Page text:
British Euro Minister says Anglo-Irish relations are going through ’bumpy period’

Relations between the UK and Ireland are going through a "bumpy period", Europe Minister Sir Alan Duncan acknowledged as the two countries remained at odds over Brexit.

Sir Alan suggested that the current difficulties over the status of the border were partly as a result of Taoiseach Leo Varadkar’s domestic political difficulties, which have resulted in the resignation of Tánaiste Frances Fitzgerald.

The British Foreign Office minister has told British MPs he wanted a situation at the Northern Ireland border which would preserve "as much of the status quo" in people’s every day lives as possible.

Giving evidence to the Commons Foreign Affairs Committee he said relations with Ireland were generally quite strong.

"There are is a closeness of personal contacts which is pretty strong," he said. "It’s a slightly bumpy period, born, I think, partly as well of their own domestic problems which we hope they will overcome."

Sir Alan said the relationship with Ireland is "enormously important" and the "preservation and continuation of the Northern Ireland peace process is absolutely essential".

He said the UK wanted a "frictionless border" so that as much as possible "of the status quo in people’s daily life can continue unobstructed".

Labour former Europe minister Chris Bryant said legal advice from the Foreign Office had suggested a hard border was inevitable if a country left the EU.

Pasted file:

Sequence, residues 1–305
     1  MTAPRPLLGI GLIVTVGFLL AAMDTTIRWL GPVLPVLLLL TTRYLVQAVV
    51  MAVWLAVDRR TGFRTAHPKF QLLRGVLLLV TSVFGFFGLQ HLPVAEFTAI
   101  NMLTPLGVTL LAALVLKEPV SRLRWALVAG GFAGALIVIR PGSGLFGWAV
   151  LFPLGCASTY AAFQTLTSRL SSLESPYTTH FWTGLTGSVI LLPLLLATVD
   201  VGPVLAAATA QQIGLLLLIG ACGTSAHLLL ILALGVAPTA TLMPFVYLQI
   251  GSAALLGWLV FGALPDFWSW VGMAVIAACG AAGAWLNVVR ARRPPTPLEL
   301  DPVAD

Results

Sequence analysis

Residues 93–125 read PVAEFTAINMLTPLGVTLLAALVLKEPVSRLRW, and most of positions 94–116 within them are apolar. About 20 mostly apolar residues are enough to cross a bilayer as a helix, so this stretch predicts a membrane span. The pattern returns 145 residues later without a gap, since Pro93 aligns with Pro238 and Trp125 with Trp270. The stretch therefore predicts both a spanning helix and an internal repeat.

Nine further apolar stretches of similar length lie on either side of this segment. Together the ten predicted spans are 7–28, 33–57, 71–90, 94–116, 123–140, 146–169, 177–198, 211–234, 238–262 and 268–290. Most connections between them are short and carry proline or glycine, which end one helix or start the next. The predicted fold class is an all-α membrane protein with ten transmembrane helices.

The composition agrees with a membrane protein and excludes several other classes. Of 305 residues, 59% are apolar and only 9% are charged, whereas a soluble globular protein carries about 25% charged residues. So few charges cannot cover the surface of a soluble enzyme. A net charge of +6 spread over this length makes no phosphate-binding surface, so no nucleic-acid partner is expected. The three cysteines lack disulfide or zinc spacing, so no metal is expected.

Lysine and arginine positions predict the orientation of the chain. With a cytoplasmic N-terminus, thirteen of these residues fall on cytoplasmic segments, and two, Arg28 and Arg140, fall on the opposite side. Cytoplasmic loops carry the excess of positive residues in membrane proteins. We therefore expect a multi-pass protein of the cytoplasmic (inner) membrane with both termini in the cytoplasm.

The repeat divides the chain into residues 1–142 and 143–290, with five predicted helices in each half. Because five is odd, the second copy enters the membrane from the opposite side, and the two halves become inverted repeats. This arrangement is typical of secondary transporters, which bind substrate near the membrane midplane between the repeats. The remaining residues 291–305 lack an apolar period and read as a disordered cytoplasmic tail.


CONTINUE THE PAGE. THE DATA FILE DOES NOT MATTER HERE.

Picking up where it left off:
He said he had been asked in 2010 what the situation would have been if Scotland had left the UK and EU.

"The legal advice from the Foreign Office was extremely clear, namely that there would be a hard border," Mr Bryant said.

Concerns have been raised that the issue could make the break-up of the UK more likely, either by splitting Northern Ireland away from Great Britain or showing Scotland that a frictionless border is possible after leaving a single market, removing one of the barriers to independence.

Sir Alan said: "I think the union is of the utmost importance to us and it is a strong part of our policy that it will and should endure.

"I think there will be a way of, I hope, avoiding any physical infrastructure and that’s what I think the discussions will now turn to."

He added: "I do not see this as something which will lead to the break-up of the UK."

- David Hughes, Press Association

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